Many economically advanced countries are failing to fully enforce regulations on political party funding and campaign donations or are leaving loopholes that can be exploited by powerful private interest groups, according to a new OECD report.
The recent debate on the role of money in politics has shed the light on the challenges of political finance regulations. What are the risks associated with the funding of political parties and election campaigns? Why are existing regulatory models still insufficient to tackle those risks? What are the links between money in politics and broader frameworks for integrity in the public sector? This report addresses these three questions and provides a Framework on Financing Democracy, designed to shape the global debate and provide policy options as well as a mapping of risks. It also features country case studies of Canada, Chile, Estonia, France, Korea, Mexico, United Kingdom, Brazil and India, providing in-depth analysis of their political finance mechanisms and challenges in different institutional settings.
Launch of the OECD Regulatory Policy Outlook 2015 in Helsinki, Mexico, Paris, Berlin and Stockholm, and press reviews on the report.
This report examines the Netherland’s new Metropolitan Region of Rotterdam-The Hague (MRDH), drawing on lessons from governance reforms in other OECD countries and identifying how the MRDH experience could benefit policy makers beyond Dutch borders. Long in search of ways to strengthen urban areas, the Dutch government has recently undertaken the development of a National Urban Agenda known as Agenda Stad, in parallel to a series of broad institutional reforms. This included abolishing the country’s traditional eight city-regions, which led Rotterdam, The Hague and 21 smaller neighbouring cities to form the Metropolitan Region of Rotterdam-The Hague (Metropoolregio Rotterdam Den Haag, or MRDH). This report analyses the emergence of the MRDH both as a geographical area that spans 23 municipalities in the southern Randstad region and as a new metropolitan authority with transport and economic development responsibilities. One of the challenges the MRDH faces is how to bring the economies of Rotterdam and The Hague closer together while generating growth and well-being.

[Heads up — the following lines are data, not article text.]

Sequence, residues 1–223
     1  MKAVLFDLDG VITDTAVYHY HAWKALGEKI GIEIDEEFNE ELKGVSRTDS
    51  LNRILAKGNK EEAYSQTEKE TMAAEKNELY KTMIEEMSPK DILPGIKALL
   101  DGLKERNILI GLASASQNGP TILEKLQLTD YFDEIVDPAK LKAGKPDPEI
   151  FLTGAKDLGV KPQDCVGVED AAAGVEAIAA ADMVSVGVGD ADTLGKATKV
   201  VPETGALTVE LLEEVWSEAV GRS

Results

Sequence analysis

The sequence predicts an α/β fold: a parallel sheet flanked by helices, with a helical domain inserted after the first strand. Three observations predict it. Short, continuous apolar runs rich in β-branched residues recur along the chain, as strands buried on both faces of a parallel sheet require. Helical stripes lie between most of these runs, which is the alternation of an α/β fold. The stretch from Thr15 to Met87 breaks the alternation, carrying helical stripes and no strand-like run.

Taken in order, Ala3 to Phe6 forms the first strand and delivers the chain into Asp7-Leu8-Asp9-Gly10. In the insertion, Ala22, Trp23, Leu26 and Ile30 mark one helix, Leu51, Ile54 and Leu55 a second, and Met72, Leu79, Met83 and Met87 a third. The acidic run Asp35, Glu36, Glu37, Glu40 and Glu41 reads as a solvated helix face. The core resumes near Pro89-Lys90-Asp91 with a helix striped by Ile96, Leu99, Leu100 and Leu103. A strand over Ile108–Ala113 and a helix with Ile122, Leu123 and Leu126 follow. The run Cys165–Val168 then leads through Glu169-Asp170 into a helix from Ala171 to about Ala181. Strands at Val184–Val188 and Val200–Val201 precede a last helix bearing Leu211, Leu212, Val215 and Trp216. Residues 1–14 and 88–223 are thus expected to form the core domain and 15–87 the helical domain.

Access latest developments on regulatory policy in Sweden and its score on the 2015 Indicators of Regulatory Policy and Governance, and the 2007 OECD Review of Regulatory Reform in Sweden.
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This OECD Regulatory Policy Working Paper relies on an empirical stocktaking of mutual recognition agreements (MRAs) among selected OECD countries. It aims to build a greater understanding of the benefits and pitfalls of one of the 11 mechanisms of international regulatory co-operation.
This report on the Public Procurement Service of Korea examines the effectiveness of its system, identifying good practices that can inspire reform efforts in other countries. In particular, the report highlights the efficiency gains achieved by implementation of a comprehensive e-procurement system and the savings generated by an integrated support for government-wide contracts. It also looks at how Korea is adopting a strategic and multi-dimensional approach to using public procurement in the support of small businesses and other social objectives. In identifying possible improvements to Korea’s system, recommendations include a more centralised look at workforce training and development issues and additional features for Korea’s e-procurement system, as well as a review of existing certification and preference programs.
These Principles address the different facets of a regulator’s governance and provides guidance on the institutional arrangements for regulators.
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This OECD Regulatory Policy Working Paper presents the methodology, key results and statistical analysis of the 2015 Indicators of Regulatory Policy and Governance (iREG) to complement the OECD Regulatory Policy Outlook 2015.
This report provides guidance to policy makers on improving regulatory enforcement and inspections and provides some examples of good practices in this area.